10. You waNNA look REALLY hard rock? get an electric double bass, put a electric guitar strap on it and sling it low, and you can jump around like a crazy lady! its what i;d do if i could play contrabass >:D
  11. Brad Barker

    Brad Barker Supporting Member

    Apr 13, 2001
    berkeley, ca
    about modes:

    if you know your major scale, you practically know your modes.

    the modes are based off of the scale (or is the major scale based off of the modes?)

    Practice this:

    play the C Major scale.

    now play the C Major scale starting on D up to the next D.

    you played the first two modes (C Ionian-equivalent to the major scale-and D Dorian)

    the rest can be played the same way (E Phrygian, F Lydian, G Mixolydian, A Aeolian, and finally B Locrian).

    don't be intimidated by the names; they are either just the major or minor scale with a notes sharped or flatted (two at the most).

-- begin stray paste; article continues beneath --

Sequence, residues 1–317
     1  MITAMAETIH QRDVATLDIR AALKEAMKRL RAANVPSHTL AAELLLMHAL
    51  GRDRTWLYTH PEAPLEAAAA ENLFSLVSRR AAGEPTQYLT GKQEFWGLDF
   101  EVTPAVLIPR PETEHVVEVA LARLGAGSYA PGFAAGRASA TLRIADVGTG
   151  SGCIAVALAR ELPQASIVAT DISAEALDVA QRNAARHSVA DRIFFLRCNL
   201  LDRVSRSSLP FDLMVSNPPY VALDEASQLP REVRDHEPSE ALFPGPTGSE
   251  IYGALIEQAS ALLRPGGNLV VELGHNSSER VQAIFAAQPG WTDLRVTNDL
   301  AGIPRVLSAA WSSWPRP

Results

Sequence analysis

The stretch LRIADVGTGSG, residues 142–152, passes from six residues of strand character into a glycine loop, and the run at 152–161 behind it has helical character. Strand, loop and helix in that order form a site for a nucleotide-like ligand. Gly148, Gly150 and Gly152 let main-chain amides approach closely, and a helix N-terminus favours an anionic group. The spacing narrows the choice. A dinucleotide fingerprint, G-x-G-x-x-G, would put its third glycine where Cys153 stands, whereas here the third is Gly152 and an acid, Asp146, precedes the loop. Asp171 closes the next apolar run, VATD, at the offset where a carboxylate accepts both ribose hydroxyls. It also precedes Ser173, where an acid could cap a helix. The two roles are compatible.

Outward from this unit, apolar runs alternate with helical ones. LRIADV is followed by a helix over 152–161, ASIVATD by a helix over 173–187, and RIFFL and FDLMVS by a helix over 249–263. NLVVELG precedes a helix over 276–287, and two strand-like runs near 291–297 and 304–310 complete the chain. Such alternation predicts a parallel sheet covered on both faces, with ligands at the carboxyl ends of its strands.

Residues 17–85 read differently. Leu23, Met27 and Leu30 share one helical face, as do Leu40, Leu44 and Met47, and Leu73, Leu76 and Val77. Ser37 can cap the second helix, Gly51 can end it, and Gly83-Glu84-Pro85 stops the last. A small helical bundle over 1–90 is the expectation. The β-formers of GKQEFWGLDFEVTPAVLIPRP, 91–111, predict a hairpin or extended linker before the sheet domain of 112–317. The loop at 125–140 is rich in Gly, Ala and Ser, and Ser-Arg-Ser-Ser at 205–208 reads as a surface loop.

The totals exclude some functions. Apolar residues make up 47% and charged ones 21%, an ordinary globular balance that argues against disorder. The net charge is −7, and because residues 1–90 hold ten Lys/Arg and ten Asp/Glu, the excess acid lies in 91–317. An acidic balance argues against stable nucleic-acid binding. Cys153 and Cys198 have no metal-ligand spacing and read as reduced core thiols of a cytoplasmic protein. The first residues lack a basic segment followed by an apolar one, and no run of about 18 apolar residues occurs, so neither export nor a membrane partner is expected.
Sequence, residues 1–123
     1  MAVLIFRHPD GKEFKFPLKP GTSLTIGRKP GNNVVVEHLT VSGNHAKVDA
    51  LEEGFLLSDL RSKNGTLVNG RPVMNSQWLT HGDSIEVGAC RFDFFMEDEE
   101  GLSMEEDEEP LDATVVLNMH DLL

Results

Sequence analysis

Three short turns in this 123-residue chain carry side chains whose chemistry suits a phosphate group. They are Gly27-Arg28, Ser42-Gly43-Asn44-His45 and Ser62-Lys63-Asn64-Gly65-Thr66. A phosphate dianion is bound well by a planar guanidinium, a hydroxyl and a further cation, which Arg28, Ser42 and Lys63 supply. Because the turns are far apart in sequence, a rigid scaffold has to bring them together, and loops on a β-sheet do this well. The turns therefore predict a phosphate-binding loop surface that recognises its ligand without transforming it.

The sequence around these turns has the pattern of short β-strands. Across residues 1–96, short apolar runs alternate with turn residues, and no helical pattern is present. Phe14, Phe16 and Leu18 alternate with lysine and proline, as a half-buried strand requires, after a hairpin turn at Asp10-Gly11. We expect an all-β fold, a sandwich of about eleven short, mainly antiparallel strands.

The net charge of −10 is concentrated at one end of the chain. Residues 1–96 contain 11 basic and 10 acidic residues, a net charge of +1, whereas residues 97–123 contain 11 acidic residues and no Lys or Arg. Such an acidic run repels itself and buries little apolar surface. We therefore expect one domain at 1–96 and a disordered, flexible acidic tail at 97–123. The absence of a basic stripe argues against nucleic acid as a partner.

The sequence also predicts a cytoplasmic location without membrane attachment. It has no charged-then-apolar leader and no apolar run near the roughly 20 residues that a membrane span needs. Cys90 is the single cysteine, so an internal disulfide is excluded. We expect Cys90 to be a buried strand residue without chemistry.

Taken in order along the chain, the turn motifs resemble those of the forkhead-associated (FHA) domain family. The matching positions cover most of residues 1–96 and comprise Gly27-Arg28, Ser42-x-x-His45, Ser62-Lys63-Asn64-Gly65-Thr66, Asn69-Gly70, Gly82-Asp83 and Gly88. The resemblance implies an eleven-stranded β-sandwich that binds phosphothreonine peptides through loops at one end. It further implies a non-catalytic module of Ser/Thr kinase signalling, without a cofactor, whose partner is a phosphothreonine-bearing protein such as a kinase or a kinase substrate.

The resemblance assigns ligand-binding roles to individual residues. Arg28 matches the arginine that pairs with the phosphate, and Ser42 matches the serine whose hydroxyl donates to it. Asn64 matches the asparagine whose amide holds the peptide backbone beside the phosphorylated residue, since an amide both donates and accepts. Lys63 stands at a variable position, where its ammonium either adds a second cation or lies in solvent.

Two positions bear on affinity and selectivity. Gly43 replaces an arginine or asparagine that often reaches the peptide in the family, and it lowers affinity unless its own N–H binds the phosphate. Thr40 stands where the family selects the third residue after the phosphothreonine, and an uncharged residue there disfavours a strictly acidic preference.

modes aren't necessarily essential, but I personally find them useful. Many rock bands do, too (mixolydian is used a lot).
  12. frankencow150

    frankencow150 Guest

    Oct 17, 2001
    Hey contra,guess what...the band Living End does that!There a punk band,and their bassist uses a "doublebass" or "upright",or whatever you want to call it.

    Consider your fact of the day.
  13. Pacman

    Pacman Layin' Down Time Staff Member Gold Supporting Member

    Apr 1, 2000
    Omaha, Nebraska
    Endorsing Artist: Roscoe Guitars, DR Strings, Aguilar Amplification
    Locrian is b2, b3, b5, b6 and b7
  14. Brad Barker

    Brad Barker Supporting Member

    Apr 13, 2001
    berkeley, ca
    well, i meant in relation to either the major or minor scale, not just the major scale. i guess i'll have to do this to make it clear...

    so here it goes:


    dorian-minor, major 6th

    phrygian- minor, flat second ("minor second" if you will)

    lydian-major, sharp 4th (augmented 4th?)

    mixolydian-major, flat 7th (minor 7th)


    locrian-minor, flat 2nd and flat 5th